Convert Or Kill

Earlier this month the patriarch of the "Duck Dynasty" clan, Phil Robertson, went on Sean Hannity's FOX talkshow to share his views on ISIS– the terrorist organization responsible for the brutal genocide taking place in Northern Iraq. 

He claimed the only solution for this crisis was to "either convert them or kill them". 

I want to say, right off the top, that I like Phil Robertson for his folksy charm and strong family values. I went duck hunting for the first time last Saturday and wondered if the other guys were using Duck Commander products. After I failed to shoot anything I wondered if my bad shooting had anything to do with not having my own Duck Commander products. I'm not writing this to be critical of Phil Robertson– in fact, I think Phil Robertson unveiled an ideological honesty worth examining. I think Robertson, in his own down-home sort of way, was getting to the heart of the matter– and if we dismiss his comments for their insensitivity, we miss an opportunity to examine the very nature of peace.

Responding to Evil

Brian Zahnd wrote, "Are Caesar, Attila, Saladin, Hitler, Al-Qaeda, ISIS exceptions to what Jesus taught about loving our enemies...or are they the test?"

When we look at the atrocities committed by ISIS, including the beheading of children, it becomes very easy to move into retributive justice. In fact, if you aren't tempted by the desire to punish these barbaric murderers, you either don't have a soul or you're a stoic god.  

In the midst of the chaos, retributive violence seems right and fair. But Jesus commands us to love our enemies. This command is unreasonable, impractical, and it runs contrary to our most sympathetic instincts. We've been trying to avoid living this way for thousands of years– drawing up exemptions and exceptions to Jesus' command like the very Sadducees who tried to trap Jesus in the first place.

Oftentimes, just to leave the command of Jesus out there naked without any interpretive spin invites its own criticism. The most common two objections are brilliantly responded to here. But what I want to do is examine the inverse: what if there is an appropriate, redemptive violence we have a right to, as Christians? When do we have a right to be violent, and why?

Getting from Here to There

Firstly, most Christians have non-violent intentions. They believe that the way of Jesus is the way of peace, and on a personal level, they avoid violence as much as they can. 

But if Christ endorses violence in the most extreme, limited cases, then what would those be? What would give us permission to draw the sword?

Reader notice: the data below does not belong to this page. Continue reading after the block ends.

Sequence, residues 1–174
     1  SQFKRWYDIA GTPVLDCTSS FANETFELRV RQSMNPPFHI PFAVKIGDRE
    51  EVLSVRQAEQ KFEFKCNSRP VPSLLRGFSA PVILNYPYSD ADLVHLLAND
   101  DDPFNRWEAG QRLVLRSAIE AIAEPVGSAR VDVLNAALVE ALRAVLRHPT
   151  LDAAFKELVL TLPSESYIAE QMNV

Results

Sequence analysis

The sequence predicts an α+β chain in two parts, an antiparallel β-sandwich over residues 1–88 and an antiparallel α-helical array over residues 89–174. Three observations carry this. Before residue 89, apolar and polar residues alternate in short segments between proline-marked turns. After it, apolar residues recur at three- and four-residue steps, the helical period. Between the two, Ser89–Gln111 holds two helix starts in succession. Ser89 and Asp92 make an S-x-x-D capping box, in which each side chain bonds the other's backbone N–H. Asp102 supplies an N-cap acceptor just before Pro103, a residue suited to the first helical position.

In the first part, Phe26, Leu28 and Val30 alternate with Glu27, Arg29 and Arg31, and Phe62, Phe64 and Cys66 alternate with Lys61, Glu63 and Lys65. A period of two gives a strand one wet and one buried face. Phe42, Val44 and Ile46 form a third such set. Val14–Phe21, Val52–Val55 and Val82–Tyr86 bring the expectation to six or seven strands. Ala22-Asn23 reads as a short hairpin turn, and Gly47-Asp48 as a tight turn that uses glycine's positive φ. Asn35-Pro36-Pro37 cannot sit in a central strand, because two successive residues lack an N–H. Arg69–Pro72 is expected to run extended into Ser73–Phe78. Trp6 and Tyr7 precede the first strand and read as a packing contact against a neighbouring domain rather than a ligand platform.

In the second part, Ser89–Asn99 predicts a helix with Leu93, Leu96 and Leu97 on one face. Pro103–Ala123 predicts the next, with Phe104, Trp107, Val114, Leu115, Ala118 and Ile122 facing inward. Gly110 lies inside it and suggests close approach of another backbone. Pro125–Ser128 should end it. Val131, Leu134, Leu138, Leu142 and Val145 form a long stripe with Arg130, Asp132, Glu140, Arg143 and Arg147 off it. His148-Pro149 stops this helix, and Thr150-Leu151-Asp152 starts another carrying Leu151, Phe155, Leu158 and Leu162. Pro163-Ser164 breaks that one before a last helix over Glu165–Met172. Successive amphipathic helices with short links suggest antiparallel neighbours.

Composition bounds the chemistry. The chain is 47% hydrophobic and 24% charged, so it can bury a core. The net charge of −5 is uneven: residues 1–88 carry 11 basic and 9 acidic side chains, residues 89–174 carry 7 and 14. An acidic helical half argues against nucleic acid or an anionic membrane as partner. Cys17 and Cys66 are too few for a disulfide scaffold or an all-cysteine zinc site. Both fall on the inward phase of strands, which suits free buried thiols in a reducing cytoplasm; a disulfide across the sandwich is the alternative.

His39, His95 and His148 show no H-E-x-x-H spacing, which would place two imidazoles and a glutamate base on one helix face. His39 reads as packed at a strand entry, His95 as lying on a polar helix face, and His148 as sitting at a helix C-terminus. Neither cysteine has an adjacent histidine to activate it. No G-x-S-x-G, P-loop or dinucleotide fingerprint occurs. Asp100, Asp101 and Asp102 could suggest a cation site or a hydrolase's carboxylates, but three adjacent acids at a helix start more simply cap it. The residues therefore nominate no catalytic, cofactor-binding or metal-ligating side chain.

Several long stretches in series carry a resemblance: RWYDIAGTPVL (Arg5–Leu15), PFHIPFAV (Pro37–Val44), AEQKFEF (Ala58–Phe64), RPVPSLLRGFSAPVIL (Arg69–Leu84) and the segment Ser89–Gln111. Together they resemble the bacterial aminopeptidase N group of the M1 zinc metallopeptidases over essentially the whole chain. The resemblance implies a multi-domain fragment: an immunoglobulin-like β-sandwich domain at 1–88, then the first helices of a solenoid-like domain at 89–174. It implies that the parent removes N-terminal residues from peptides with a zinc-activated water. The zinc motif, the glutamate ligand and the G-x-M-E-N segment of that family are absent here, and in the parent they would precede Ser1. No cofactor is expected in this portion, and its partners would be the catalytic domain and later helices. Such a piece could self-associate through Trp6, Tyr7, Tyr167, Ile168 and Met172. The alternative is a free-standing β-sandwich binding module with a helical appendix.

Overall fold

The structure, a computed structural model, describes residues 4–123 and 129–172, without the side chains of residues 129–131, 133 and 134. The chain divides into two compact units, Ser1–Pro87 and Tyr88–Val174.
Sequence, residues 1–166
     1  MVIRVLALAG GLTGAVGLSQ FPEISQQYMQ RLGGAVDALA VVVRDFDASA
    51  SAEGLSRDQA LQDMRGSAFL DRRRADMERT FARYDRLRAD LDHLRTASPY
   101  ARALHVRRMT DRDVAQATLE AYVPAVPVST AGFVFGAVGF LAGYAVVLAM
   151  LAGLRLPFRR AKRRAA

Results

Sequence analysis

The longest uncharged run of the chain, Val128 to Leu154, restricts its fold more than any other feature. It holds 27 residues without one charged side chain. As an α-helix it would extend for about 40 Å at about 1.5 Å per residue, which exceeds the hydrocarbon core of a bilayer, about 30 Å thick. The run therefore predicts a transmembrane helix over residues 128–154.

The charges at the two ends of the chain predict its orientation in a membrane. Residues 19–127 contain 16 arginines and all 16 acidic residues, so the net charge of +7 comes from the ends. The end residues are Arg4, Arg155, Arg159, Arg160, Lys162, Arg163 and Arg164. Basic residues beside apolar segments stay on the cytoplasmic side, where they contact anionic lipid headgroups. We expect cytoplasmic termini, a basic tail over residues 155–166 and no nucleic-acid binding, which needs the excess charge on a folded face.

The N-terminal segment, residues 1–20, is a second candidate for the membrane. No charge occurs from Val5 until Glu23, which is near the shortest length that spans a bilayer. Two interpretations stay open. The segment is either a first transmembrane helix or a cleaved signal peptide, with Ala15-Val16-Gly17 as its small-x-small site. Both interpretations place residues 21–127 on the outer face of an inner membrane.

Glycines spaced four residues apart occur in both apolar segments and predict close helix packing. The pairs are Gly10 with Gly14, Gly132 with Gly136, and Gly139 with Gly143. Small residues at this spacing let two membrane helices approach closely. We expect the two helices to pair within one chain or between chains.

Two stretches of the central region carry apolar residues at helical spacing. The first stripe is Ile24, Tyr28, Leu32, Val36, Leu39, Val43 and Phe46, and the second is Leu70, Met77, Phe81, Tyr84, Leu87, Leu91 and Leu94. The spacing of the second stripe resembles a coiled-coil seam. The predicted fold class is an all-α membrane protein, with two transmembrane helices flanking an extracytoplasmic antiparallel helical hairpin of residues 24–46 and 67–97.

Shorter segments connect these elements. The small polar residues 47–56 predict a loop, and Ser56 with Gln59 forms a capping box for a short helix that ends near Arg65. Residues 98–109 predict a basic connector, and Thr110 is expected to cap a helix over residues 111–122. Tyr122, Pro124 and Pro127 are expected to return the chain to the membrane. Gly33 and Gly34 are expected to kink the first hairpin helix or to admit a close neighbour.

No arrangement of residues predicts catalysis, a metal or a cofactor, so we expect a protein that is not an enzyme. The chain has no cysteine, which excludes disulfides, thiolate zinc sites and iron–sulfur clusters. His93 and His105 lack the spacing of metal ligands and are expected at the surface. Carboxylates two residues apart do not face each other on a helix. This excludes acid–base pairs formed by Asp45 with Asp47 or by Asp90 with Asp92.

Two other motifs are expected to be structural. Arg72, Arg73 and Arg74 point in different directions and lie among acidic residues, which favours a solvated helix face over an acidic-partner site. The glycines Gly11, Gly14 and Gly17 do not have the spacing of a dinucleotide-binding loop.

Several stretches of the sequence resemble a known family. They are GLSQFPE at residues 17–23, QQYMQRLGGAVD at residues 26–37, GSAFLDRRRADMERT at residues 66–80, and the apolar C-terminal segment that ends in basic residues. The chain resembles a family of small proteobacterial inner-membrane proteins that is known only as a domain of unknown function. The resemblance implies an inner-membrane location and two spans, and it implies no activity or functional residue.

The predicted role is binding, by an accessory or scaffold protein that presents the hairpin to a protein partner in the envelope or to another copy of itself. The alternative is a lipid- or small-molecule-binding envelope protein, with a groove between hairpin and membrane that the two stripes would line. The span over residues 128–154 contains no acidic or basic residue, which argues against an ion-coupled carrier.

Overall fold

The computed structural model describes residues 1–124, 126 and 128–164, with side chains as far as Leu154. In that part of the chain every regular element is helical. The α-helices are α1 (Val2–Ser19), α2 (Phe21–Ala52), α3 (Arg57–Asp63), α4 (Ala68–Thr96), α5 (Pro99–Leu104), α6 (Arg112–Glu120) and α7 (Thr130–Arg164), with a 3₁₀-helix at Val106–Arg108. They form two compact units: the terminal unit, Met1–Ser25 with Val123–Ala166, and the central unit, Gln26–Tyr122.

These two criterion are the most extreme I can rationalize, where a violent response would be a reasonable "last resort" because you have no other option:

  1. Your enemies have sworn to kill you

  2. Nothing can change their minds about killing you

That really gets to the heart of the matter, doesn't it? You're backed into a corner. It's kill-or-be-killed. 

That kind of thinking inspired the Crusades.

If you have permission to kill your enemies when they swear to kill you and refuse to repent, then how do you respond if you want to preserve your life? ISIS wants to build an Islamic caliphate devoted to their violent interpretation of Islam. The Seljuk Turks were invading tolerant, diverse areas and establishing a "fanatical" Islamic caliphate before the First Crusade, too.  These are the stated objectives of those calling us enemies.

If violence is meant to be a last-resort to protect yourself, then the only solution you have is to convert them to your mostly-non-violent way of thinking– or you kill them before they kill you. 

The real question: Is "Convert Or Kill" the way of Jesus?

There are many Christians I deeply respect who would say "yes" to this question. And there are texts which can be interpreted to support this "yes". I think Peter would've said "yes" in the Garden of Gethsemane, when the lynch mob came to arrest and kill Jesus. In fact, some speculate that Judas was trying to force Jesus into this "Convert or Kill" mentality– by provoking the government to arrest him, Jesus would finally be forced to begin a violent revolution and overthrow Rome.

Jesus didn't live by this ethic, though. He made a different choice.


He chose to die in the hands of his enemies, because He loved them more than He loved His own life.

Were the early apostles martyred because their concealed weapons were confiscated? Or did they refuse to respond violently to unjust oppression?

Are Christian martyrs today merely tragic victims who should have been armed? Or does their blood cry out from the ground to demand forgiveness?

You don't have to agree with this extreme way of thinking to consider yourself a follower of Christ. But the skeptics are right: sometimes violence is unavoidable. If they won't convert, would you rather kill or be killed by your enemies?